To celebrate 52 years of accomplishing important recreation and conservation projects, the Land and Water Conservation Fund (LWCF) has launched a 52 week success story project that highlights a different state each week. The project also serves as a 52 week countdown to September 30, 2018, when the LWCF program expires, unless Congress acts.

Since its inception, the LWCF has supported more than $300 million worth of projects in New York. These projects have touched every region of the state and have assisted in the development of many state parks, as well as funding for land stewardship, conservation easements, national parks, national heritage areas, wildlife refuges, forests and trails. It also aids in the protection of recreational areas, historic battlefields, habitat, watersheds and forestlands.

A few of the more than 1,200 projects funded in New York include $3.8 million for the Roberto Clemente State Park development and improvements, $1.9 million for Allegany State Park, $1.6 million for Burnet Park and zoo in Syracuse, and $2.5 million for Napeague Dunes acquisition and protection.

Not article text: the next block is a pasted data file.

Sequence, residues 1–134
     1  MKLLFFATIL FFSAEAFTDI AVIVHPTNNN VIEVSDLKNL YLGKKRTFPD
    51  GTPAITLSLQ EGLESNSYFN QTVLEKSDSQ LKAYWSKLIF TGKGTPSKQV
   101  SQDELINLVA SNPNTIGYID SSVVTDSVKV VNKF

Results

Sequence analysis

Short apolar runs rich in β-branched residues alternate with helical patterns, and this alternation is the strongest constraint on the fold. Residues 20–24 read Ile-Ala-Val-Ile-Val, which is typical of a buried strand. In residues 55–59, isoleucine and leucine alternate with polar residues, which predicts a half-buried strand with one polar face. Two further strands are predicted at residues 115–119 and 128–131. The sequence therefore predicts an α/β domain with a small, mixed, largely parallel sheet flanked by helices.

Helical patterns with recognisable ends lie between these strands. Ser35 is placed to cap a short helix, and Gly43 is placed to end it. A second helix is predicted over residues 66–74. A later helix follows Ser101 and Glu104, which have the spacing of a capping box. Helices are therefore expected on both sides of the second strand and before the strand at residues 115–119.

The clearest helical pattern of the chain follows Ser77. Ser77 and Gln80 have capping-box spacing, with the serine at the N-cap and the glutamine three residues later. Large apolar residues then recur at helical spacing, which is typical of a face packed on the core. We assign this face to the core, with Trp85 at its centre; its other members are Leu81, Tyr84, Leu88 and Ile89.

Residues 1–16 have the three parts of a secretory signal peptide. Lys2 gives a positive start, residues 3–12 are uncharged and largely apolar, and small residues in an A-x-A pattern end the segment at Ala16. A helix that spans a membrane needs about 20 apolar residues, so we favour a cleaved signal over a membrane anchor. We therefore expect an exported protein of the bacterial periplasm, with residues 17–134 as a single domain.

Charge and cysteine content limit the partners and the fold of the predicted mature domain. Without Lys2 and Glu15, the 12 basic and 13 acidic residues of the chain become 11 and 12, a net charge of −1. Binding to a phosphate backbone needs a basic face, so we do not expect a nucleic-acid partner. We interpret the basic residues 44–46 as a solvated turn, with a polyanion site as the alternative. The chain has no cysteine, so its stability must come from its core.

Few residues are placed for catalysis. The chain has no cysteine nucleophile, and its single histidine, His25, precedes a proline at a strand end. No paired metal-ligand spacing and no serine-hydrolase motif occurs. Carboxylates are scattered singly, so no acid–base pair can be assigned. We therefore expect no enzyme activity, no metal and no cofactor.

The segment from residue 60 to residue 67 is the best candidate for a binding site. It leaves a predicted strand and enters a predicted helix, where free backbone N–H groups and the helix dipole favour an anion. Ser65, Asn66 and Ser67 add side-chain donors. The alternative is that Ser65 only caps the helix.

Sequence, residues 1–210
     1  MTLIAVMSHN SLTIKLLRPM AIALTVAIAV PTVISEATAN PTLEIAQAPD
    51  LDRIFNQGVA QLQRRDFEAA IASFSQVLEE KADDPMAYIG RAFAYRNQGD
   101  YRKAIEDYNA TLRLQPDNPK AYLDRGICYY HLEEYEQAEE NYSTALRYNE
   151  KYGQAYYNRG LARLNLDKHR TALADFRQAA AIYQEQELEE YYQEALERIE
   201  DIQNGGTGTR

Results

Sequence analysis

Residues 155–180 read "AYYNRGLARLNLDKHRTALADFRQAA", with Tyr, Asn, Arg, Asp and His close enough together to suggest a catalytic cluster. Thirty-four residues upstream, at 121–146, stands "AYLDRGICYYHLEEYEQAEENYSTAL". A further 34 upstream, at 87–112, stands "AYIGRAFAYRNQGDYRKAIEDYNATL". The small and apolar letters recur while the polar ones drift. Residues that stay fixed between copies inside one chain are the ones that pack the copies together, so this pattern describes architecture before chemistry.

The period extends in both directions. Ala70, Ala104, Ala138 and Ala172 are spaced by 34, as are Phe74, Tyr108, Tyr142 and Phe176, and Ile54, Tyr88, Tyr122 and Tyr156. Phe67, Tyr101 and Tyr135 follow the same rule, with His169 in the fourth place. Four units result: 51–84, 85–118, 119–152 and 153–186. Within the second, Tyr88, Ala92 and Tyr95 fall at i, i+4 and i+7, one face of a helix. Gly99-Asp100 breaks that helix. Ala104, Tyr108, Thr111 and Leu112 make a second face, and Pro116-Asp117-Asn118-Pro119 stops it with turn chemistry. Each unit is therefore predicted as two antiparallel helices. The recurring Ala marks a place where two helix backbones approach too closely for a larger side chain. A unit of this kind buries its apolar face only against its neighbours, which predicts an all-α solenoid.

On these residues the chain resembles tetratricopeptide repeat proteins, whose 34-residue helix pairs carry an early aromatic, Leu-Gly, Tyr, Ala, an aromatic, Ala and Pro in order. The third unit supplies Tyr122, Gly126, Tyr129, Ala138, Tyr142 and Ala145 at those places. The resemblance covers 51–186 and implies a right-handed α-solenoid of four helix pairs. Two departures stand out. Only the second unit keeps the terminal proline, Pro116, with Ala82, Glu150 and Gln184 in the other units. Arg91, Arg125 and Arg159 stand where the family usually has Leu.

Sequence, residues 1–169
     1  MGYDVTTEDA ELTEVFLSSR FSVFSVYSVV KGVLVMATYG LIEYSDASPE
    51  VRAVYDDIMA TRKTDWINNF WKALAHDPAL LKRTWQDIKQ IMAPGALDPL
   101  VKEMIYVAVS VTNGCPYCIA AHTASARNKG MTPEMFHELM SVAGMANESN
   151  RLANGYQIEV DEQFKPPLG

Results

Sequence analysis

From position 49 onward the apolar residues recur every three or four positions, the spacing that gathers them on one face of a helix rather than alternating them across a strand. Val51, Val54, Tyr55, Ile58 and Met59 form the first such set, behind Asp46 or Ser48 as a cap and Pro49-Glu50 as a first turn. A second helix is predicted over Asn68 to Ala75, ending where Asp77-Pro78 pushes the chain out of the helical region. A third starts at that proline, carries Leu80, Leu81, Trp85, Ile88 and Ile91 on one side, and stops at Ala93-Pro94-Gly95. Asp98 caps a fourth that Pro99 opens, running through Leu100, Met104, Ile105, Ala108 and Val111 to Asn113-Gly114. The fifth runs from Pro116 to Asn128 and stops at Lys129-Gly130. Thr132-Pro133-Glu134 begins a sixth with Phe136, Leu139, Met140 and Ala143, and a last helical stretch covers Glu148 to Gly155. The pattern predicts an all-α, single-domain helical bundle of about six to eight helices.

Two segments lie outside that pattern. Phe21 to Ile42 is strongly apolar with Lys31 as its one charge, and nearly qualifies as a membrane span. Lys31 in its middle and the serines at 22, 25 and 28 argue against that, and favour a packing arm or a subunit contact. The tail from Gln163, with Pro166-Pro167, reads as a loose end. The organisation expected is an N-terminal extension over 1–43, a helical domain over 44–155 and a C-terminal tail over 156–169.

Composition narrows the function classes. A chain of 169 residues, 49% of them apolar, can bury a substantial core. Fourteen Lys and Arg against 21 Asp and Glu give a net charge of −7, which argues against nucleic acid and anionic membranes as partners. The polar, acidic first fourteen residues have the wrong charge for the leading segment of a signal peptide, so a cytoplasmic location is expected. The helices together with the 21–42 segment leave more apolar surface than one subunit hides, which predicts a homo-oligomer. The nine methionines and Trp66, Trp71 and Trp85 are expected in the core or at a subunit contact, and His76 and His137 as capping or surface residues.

Just announced on July 5, 2017, LWCF’s American Battlefield Land Acquisition Grants program will fund $176,000 for the protection of the Fort Ann Battlefield, and $684,000 for the Sackets Harbor Battlefield State Historic Site.

No tax dollars are used to fund LWCF, instead the program has always been funded by offshore drilling fees. It makes sense that an environmentally harmful practice, such as offshore drilling, should fund a program that protects our green spaces.

Protecting parks, forests and historic sites not only benefits people and the environment, it’s good for the economy too. According to the Outdoor Industry Association, outdoor recreation activities support 305,000 jobs and $12.4 billion in wages, consumer spending of $33.8 billion, and state and local tax revenue of $2.8 billion for the New York State economy. Outdoor recreation includes hiking, camping, wildlife viewing, hunting, fishing, kayaking, bicycling and more. These activities wouldn’t be possible without protected outdoor spaces.